Ansun website. Screen capture

A local biopharmaceutical company will pay about $2 million to the government to resolve a criminal and civil investigation into the company’s submission of false and fraudulent claims on grants and a contract with the National Institutes of Health, the U.S. Attorney’s Office announced Thursday .

Ansun Biopharma Inc., formerly known as NexBio Inc., is a biotechnology company headquartered in San Diego that, from 2004 through 2011, received research grants and a contract from the NIH.

They included a grant for “Broad-Spectrum Therapeutics for Influenza,” a grant for “Development of Fludase as an Anti-Influenza Agent,” and, in September 2006, a $50 million contract to develop a drug to combat influenza. Fludase was an experimental antiviral drug for the treatment of influenza.

According to the settlements, the company fabricated timesheets for employees to maximize billing on the NIH grants and the Fludase contract.

The company admitted that in 2009, it created a time-keeping policy that required employees to accurately record the number of hours devoted to certain projects, including projects covered under the Fludase contract and other NIH-funded grants.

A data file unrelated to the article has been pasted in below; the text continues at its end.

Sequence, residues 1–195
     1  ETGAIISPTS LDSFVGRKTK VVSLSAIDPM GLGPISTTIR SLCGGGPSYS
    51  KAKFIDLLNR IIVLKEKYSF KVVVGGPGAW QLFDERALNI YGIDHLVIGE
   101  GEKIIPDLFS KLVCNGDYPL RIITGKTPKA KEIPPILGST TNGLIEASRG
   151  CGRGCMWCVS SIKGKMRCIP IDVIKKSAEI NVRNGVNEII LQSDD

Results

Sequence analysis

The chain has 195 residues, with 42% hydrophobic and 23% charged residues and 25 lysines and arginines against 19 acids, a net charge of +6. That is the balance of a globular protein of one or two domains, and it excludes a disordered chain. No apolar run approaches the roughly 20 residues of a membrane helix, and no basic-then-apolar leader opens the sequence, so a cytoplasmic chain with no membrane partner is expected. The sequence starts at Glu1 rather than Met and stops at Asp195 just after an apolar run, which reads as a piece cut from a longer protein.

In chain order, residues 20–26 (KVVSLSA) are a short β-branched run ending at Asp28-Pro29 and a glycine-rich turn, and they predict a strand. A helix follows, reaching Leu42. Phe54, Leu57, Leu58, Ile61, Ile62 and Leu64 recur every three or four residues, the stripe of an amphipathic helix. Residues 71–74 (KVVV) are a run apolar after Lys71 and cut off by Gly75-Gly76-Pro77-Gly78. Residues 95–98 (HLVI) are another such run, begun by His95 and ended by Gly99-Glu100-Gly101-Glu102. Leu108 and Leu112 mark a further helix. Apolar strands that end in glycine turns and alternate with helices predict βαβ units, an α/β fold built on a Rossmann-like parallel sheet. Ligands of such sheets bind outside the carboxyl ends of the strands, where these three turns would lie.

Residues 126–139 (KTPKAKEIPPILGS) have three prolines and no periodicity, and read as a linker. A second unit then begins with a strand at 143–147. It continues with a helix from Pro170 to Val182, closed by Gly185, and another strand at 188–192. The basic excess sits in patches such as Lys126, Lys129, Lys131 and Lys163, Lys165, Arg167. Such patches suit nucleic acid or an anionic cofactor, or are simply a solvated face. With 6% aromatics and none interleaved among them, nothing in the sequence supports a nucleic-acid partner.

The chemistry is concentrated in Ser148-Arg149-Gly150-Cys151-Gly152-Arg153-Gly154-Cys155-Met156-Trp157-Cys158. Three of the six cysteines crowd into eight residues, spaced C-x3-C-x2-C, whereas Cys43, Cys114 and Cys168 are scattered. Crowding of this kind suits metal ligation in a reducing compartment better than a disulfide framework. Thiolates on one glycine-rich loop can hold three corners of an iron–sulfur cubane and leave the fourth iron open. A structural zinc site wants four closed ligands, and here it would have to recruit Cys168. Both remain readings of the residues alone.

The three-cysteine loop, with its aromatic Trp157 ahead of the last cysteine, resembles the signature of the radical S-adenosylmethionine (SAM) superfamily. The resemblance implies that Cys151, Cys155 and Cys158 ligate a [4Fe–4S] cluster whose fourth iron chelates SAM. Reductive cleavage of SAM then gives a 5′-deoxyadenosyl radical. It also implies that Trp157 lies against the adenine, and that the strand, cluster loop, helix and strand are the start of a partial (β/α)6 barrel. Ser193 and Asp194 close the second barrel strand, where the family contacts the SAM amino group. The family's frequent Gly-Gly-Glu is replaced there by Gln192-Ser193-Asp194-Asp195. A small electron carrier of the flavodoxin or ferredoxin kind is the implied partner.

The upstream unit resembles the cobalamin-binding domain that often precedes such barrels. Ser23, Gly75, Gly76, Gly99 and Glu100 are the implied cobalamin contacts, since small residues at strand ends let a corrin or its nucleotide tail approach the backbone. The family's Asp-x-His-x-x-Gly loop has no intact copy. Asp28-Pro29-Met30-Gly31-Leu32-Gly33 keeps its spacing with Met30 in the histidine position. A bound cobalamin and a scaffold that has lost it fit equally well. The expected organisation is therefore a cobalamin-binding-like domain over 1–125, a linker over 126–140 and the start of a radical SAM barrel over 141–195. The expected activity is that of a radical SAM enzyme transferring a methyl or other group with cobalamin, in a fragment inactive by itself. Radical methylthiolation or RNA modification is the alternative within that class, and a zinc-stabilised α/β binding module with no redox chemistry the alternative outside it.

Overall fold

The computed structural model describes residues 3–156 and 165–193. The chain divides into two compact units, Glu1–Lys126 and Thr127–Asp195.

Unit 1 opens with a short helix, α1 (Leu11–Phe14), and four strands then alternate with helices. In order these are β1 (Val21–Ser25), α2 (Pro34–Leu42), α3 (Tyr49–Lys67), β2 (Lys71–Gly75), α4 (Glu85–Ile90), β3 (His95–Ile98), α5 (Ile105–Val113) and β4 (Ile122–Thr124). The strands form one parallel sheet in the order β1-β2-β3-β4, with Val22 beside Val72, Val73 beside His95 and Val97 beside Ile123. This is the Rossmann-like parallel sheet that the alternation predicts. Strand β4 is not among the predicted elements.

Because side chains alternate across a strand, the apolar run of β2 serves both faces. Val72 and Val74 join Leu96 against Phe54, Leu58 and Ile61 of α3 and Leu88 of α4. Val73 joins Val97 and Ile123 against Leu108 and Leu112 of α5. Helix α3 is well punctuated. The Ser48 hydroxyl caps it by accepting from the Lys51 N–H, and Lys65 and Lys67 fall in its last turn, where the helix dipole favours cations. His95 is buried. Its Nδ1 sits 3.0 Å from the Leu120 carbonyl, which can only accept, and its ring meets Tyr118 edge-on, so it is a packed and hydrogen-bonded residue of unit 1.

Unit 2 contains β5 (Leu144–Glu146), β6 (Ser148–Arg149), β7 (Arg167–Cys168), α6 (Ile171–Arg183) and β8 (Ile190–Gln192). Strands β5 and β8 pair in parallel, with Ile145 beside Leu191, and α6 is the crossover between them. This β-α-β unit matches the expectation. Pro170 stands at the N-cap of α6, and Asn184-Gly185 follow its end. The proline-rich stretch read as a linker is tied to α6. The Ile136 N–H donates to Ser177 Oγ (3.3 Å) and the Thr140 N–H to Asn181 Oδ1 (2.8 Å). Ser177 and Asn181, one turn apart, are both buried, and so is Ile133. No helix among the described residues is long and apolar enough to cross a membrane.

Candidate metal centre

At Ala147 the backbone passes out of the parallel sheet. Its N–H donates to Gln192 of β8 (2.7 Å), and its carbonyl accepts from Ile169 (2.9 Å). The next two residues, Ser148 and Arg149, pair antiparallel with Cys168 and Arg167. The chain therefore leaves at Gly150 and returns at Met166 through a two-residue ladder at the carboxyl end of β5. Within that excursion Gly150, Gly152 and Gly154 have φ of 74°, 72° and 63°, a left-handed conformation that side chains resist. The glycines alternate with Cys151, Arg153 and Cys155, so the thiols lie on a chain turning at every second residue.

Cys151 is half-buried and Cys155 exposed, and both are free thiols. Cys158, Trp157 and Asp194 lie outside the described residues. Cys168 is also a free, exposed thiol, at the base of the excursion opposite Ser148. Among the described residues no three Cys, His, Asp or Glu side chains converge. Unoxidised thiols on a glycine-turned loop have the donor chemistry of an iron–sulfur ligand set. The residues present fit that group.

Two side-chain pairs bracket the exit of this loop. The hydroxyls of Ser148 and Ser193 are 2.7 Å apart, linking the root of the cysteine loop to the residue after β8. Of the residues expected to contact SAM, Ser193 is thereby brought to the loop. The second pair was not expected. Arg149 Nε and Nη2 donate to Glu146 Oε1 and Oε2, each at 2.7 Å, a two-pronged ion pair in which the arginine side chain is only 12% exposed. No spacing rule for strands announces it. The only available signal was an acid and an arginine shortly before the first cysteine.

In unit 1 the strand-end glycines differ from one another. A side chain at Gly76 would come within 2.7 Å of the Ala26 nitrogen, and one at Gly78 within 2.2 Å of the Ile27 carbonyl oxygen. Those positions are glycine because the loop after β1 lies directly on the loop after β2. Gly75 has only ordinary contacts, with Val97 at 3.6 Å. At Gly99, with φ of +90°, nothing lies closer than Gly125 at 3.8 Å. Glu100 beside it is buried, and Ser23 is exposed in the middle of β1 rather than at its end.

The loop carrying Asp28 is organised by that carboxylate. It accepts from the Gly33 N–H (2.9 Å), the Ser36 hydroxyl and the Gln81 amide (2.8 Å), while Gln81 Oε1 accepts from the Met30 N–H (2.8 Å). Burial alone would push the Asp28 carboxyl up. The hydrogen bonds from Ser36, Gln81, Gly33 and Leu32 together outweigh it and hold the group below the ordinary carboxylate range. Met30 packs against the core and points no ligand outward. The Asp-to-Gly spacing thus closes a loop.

Despite the time-keeping requirements, accounting personnel were directed to maximize reimbursements from NIH, regardless of the actual number of employee hours spent on the Fludase contract or other grants. Employee hours were billed to the Fludase contract, even if the project the employee was working on did not fall within the scope of the project.

The point of the alterations was to get money from NIH, even if the work was not covered under the terms of the Fludase contract or NIH grants, according to the settlements.

A new Board of Directors was appointed following an investigation into the billing practices.

“We continue to work with leaders in the medical community to develop therapies for unmet medical need,” said Dr. Ronald Moss, NexBio’s chief executive. “Our investigational drugs for influenza and parainfluenza are in late stage clinical development. It is very clear based on the current influenza epidemic that more therapies are urgently needed and Ansun is committed to developing these therapies for patients.”

— City News Service